Linked by Thom Holwerda on Fri 27th Jun 2008 15:13 UTC
Oracle and SUN Sun UK's chief open-source officer, Simon Phipps, has a high-profile role to play as the company is seeking a complete its move to 100 percent open software development. When asked about the criticism over its commitment to open source, Simon re-iterate its commitment with a "Pig and a Chicken" story: "Both animals were asked by the farmer to bring something along for breakfast one morning to show their worth. The chicken turns up with an egg, while the pig turns up with a side of bacon. The farmer looks over the offerings and says: "Well, the chicken has contributed, but the pig is committed."
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RE[5]: The New World
by binarycrusader on Mon 30th Jun 2008 19:51 UTC in reply to "RE[4]: The New World"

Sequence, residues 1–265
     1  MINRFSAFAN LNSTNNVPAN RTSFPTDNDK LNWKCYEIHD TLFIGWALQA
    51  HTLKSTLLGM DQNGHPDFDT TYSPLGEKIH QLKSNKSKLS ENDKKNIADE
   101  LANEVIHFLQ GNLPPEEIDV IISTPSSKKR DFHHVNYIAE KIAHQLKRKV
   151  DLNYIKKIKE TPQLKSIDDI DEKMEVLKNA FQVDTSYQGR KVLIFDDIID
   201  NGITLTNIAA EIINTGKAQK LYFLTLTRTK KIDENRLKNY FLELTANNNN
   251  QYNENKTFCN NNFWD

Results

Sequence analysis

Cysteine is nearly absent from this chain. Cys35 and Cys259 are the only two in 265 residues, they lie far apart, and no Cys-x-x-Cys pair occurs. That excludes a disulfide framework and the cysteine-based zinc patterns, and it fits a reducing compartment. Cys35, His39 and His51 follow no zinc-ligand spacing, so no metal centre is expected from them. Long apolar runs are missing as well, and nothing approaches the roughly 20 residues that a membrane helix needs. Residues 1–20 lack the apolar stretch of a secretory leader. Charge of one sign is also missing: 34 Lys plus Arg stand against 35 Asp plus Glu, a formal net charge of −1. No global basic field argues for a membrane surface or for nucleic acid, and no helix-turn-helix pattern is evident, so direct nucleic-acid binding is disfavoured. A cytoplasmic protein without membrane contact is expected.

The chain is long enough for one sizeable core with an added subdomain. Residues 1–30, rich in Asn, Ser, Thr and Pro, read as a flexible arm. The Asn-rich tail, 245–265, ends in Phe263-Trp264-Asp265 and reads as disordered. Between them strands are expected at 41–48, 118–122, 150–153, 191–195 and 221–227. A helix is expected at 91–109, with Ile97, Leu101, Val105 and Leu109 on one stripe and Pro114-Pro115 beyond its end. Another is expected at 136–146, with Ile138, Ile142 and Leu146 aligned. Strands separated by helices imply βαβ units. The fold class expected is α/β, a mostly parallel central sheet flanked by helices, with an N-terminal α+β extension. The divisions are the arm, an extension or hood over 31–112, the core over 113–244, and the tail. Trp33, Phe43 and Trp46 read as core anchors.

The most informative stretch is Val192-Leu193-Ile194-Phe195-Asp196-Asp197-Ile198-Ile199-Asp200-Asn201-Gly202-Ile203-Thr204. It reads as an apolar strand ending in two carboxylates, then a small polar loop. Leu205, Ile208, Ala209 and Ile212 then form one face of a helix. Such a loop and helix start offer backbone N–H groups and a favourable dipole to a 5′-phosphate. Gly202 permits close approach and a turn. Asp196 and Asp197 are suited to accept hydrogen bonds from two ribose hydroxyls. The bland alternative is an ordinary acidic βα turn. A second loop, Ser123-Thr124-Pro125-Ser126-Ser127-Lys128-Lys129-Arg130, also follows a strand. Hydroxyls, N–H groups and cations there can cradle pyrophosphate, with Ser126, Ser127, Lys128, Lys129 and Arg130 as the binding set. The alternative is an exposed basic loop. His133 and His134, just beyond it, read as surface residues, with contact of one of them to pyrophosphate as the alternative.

binarycrusader
Member since:
2005-07-06

The value in software isn't the zeros and ones, it is in the all the things that surround it. Software make a piece of hardware useful, services have to be sold onto of software to make it useful in large companies. To say that software in and of itself is profitable simply ignores how a software business operates.


No, actually, there is a *lot* of value in those bits.

As someone else told me recently, "Hardware without software just generates heat."

If the bits weren't valuable, we wouldn't have holy wars over which license they fall under.

If the bits weren't valuable, companies wouldn't go to court over their usage.

If the bits weren't valuable, the GNU movement wouldn't exist.

Software gives hardware a purpose, and the right bits can make all the difference in the world.

Just ask any technology enthusiast about which bits they'd rather use:

Apple OS X Bits, Linux Bits, or Windows bits.

The bits do matter.

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